These days, travel nursing is all the rage. Nurses can use their degree to travel across the U.S., make more money, and experience a wide range of healthcare settings. But what if you’re an allied health professional looking for the same benefits? Enter the field of allied health travel. It functions similarly to travel nursing, with the obvious, yet distinctive difference in job placements.
Who qualifies as an “allied health professional?”
Allied health professionals are healthcare professionals who are distinct from medicine and nursing. There are many different professions that qualify as allied health but here are some of the most common – dental hygienists, speech language pathologists, occupational therapists, physical therapists, respiratory therapists, dietitians, radiographers, diagnostic medical sonographers, medical technologists, and many more.
How exactly do allied health travel jobs work?
In most aspects, allied health travel works just like travel nursing. Allied health travelers fill short-term positions in healthcare facilities across the country. These short-term jobs are available for several reasons — a clinician is out on maternity leave, a sudden need for more experienced professionals, a seasonal population fluctuation in any given town/city, or even a global pandemic.
When a healthcare facility needs to fill those short-term positions, they partner with a staffing agency to hire allied health travelers. And because these allied health professionals are employed by a staffing agency and not the healthcare organization itself, they have the freedom and flexibility to choose where they want to work.
How long are travel assignments?
Most assignments are 13 weeks, but you can find contracts anywhere from eight weeks up to nine months. Compared to travel nursing, allied health travel contracts tend to be longer. For example, most travel therapist positions (speech therapy, occupational therapy, etc.) are either six months or nine months.
How do I become an allied health traveler?
As an allied health professional, you need two things to become an allied health traveler – a license or certification to practice where you’ll be working, and a few years of experience in your field. Some states require up to eight weeks to process a licensure application, so be sure to plan ahead and apply as soon as possible. In addition to obtaining any position or state-specific requirements, most jobs require at least one to two years of experience, although more is preferrable. “I recommend three to five years of experience before taking a travel position because with short-term roles you need to be able to learn a lot and get up to speed in a short amount of time,” says Brendon Porges, recruitment operations manager at Maxim Healthcare Staffing.
How can I make myself more marketable as an allied health traveler?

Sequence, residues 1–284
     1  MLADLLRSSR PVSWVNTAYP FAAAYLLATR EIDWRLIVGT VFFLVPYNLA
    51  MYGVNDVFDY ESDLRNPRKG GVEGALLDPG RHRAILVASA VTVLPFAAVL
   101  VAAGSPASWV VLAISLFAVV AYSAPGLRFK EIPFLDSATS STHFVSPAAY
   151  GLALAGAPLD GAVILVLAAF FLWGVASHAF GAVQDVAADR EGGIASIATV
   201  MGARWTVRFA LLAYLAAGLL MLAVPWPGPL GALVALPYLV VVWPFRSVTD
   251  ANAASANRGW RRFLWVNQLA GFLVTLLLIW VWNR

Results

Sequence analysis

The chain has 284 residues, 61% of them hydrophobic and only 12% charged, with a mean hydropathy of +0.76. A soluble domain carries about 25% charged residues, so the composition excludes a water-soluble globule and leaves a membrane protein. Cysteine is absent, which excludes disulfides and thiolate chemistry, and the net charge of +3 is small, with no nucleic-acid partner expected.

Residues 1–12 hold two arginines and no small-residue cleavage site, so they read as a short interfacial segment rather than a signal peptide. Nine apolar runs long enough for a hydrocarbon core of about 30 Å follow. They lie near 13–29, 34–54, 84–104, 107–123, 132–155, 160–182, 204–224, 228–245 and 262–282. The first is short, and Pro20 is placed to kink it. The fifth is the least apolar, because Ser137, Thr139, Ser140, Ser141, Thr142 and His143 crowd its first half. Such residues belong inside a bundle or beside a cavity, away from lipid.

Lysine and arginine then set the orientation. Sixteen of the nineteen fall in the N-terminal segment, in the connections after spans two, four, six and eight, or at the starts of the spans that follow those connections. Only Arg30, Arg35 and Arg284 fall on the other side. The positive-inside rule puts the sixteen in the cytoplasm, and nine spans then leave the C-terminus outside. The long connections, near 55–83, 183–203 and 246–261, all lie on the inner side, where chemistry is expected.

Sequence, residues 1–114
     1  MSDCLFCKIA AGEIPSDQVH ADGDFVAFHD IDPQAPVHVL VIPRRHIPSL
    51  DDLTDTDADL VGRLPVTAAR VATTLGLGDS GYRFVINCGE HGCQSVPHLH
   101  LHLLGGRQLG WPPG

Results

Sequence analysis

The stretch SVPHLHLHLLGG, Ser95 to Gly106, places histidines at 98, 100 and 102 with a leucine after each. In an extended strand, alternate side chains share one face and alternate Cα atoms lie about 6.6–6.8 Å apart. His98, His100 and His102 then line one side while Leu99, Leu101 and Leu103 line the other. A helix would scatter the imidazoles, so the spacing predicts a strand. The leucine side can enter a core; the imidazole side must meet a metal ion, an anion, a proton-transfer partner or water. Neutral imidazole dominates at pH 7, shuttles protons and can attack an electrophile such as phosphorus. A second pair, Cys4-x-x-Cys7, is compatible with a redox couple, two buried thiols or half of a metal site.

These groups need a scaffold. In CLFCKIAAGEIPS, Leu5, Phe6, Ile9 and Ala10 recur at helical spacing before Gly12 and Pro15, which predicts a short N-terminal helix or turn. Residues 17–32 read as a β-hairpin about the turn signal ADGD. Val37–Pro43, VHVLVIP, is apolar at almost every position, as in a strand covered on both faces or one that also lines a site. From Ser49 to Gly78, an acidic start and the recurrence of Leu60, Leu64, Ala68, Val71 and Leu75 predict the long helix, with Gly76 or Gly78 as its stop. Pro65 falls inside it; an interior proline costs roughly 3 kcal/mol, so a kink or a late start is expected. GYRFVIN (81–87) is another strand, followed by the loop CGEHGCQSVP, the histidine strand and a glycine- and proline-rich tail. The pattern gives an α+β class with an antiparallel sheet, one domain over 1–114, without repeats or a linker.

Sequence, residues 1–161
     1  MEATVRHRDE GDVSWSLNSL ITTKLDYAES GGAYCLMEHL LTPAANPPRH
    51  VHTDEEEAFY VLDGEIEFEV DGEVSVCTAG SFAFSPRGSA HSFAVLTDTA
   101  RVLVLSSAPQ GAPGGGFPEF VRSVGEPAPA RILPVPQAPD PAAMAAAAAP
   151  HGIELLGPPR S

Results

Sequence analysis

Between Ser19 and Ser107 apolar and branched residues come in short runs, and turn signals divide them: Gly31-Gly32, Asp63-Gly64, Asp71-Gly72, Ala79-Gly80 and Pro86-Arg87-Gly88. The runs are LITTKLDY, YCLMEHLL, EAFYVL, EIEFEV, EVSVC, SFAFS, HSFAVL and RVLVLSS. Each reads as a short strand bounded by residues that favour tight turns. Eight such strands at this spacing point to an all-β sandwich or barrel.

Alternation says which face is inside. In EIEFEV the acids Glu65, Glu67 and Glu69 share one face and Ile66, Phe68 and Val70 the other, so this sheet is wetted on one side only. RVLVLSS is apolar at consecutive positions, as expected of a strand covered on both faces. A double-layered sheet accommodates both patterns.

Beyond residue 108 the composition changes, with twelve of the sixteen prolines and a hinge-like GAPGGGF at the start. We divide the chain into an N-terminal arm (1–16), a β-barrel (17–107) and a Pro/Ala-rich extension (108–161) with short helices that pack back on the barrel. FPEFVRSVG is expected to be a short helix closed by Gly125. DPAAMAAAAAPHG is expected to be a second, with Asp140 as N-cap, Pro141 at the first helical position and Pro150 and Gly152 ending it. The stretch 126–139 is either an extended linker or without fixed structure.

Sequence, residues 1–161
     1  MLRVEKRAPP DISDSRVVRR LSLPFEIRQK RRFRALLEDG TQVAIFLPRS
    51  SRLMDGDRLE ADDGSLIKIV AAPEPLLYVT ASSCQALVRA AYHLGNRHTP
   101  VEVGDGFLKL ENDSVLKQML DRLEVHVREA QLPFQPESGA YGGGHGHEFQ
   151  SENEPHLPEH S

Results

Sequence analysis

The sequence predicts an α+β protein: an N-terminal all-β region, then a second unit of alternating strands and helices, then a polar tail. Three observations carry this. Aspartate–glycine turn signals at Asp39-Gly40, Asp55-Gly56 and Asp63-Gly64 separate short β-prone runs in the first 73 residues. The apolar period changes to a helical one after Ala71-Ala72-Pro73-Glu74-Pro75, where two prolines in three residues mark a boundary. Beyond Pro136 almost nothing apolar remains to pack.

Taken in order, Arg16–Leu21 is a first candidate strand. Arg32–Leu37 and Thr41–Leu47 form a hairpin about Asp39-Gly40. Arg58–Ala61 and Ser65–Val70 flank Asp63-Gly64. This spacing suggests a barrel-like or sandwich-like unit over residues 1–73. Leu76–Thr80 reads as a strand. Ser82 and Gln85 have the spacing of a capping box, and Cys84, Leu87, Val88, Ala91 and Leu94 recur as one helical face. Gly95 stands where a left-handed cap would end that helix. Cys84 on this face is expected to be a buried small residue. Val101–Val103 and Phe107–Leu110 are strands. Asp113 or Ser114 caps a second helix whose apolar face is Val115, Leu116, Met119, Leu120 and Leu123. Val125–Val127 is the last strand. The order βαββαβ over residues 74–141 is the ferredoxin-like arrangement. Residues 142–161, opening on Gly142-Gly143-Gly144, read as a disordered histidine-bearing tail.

“In allied health, there are a lot of certifications and different layers and levels within those certifications,” says Porges. “Before you get into the travel field, get as many of those relevant certifications as possible – that will set you up well as a first-time traveler and will make your application shine.” Porges also recommends keeping a list of all equipment and machines you’ve worked with. “Managers and employers want to know you have knowledge of certain types of equipment. It’s crucial to account for that and keep a list.” And finally, use your recruiter as a resource. “Strategize and partner with your recruiter,” says Porges. “Talk with them about your long-term plans too so they can help set you up well for those.”
How much do allied health travel jobs pay?
Since allied health encompasses such a wide variety of jobs, the salary range is quite wide as well. For therapy-based jobs, the average weekly salary is roughly $1,600. But with travel contracts, payment is often spread across hourly rate, housing stipend, etc. Travelers often receive allowances to cover housing, meals and incidentals while on their assignment. This type of pay structure means a higher net income compared to a non-travel allied health professional whose entire income is taxable.
Where is the highest demand for allied health travel jobs?
“The demand for allied health travel professionals is continuing to increase across the board, particularly in the areas of surgical services, radiology/imaging, rehabilitation therapy, respiratory therapy, clinical laboratory, and medical social work/behavioral health” says Porges. “Geographically, our top allied health offices are Pittsburgh, Boston, Seattle, Denver, Baltimore, Los Angeles, Sacramento, Calif., and Oakland, Calif. In addition to those locations, we currently support Allied healthcare clients across the entire country in all markets large or small.”
What are the benefits of becoming an allied health traveler?
In short, more money and more opportunities. “Going into the travel field gives you the opportunity to grow your skills, work at different facilities with different equipment, and work with some of the best professionals in the world,” says Porges. “You learn a lot very quickly as a travel professional, and that’s something you won’t get staying in one place. Travel causes you to grow and fine-tune your skills. What’s more, you can experiment with different types of jobs. It’s a great way to discover where you want to end up permanently.”
Ready to become an allied health traveler? We’re hiring across the country. View our current openings.